I recently learned that Namaste should not be said at the end of a yoga class -- that it is actually an informal greeting and has no place there.
Apparently it's the informal version of "Namaskar."
I was told that true yogis* do not say it after class.
So I've stopped saying it in my classes.
Nonetheless the students have been saying it anyway.
I told my editor this over iddly and dosas today at Mysore Woodland restaurant.
She had also been under the impression that Namaste meant something like "the divinity within me recognizes the divinity within you."
She has been saying it since she started teaching yoga in the 1970's.
She called over the waiter.
"What does 'namaste' mean?" she asked.
"Hello," he said.
"Does it have any other meaning?" she pressed.
"Welcome," he said. As in, welcome to my home.
"Would you ever say it instead of 'goodbye,'" she continued.
"No," he said firmly. "For that we say 'blablabla.'"
My head is still reeling from this.
*"Yogi" and "yoga teacher" are not synonymous, although one can be both. A yogi is actively seeking union with God and follows the yamas and niyamas, which outline how yogis should conduct themselves. Dharma Mittra, who is both a yogi and a great teacher, says "Without yama there is no yoga." The yamas are the first of the eight limbs of yoga, and the first yama is ahimsa, or non-harming / non-violence. This applies to animals as well as to people (ie; a yogi does not eat meat, fish or fowl).
Thursday, February 22, 2007
6-7:30AM Taught Ashtanga Basics at health club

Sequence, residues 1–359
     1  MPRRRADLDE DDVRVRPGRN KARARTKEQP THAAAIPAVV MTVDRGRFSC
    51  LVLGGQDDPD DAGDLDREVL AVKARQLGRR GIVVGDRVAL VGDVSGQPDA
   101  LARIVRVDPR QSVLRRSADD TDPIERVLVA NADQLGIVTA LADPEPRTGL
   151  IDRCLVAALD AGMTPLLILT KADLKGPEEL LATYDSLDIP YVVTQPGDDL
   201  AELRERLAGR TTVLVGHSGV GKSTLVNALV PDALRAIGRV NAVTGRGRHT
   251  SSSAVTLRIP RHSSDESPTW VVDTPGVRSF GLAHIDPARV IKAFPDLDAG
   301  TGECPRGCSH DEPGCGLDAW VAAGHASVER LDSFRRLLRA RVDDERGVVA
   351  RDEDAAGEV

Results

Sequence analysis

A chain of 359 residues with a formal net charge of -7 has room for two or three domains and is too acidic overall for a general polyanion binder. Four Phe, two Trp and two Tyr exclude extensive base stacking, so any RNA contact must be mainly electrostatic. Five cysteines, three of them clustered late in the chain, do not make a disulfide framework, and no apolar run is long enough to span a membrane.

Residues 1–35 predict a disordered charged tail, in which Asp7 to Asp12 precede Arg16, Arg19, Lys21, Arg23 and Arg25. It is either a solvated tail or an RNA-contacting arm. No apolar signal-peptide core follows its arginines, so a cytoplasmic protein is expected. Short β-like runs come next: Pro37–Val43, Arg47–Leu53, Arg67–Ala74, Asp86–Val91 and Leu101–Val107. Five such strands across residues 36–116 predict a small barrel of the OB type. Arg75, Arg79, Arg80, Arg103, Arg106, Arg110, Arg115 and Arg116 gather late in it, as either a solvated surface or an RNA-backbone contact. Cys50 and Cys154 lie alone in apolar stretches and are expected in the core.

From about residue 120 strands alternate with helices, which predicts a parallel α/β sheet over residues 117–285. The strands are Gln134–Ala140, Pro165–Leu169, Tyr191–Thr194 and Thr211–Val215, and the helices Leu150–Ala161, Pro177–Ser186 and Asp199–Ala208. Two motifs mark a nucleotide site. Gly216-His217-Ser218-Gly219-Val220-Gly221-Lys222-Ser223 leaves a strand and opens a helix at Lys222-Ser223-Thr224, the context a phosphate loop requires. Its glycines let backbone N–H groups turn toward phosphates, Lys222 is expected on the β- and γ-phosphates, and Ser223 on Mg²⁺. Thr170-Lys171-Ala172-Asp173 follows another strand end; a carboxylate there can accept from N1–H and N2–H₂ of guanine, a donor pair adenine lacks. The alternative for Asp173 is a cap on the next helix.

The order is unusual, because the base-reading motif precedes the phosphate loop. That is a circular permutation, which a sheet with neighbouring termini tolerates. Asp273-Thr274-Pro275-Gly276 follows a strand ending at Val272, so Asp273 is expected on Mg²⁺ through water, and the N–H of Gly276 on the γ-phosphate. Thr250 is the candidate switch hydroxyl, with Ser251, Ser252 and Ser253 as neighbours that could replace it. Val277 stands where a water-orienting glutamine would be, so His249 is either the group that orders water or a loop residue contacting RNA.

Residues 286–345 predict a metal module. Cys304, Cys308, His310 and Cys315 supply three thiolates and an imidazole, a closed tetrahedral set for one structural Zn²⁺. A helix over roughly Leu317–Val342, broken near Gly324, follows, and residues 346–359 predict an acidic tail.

7:30-9AM Taught Dharma Mittra Hatha Raja Yoga Level I at health club
9:30-11:30AM Self-practice with Jammu and Henry the Punk
12:30-2PM Taught Ashtanga at health club
3-5PM Participated in focus group for yoga clothing company (at yet another health club)
5:30-6:30 Taught Ashtanga Basics at health club
I'm not complaining. In fact it'd be nice if there were more days like this.....Although preferably the classes would be in a proper yoga studio. On the other hand, sometimes it's the health club patrons who need it the most.
Wednesday, February 21, 2007
My friend Amy gave me my first yoga mat.
I bought my first one at Gaiam, as part of a kit that included a strap and two blocks.
In fact I've trashed a lot of mats, and don't know what to do with them.
At Dharma's they cut them into strips, tie them, and use them as elastic rings to help people bind in poses such as full pigeon.
But now there are 50 ways to re-use your old mat listed on the Gaiam website.
My favorites include:
-Donate to homeless shelter
-Use in place of packing peanuts
-Pet carrier liner
-Soundproofing for garage bands
But there's so much more than what they've listed.
Tuesday, February 20, 2007
Some pix from the 10-day intensive.
Where I spent most of my time outside of the yoga center.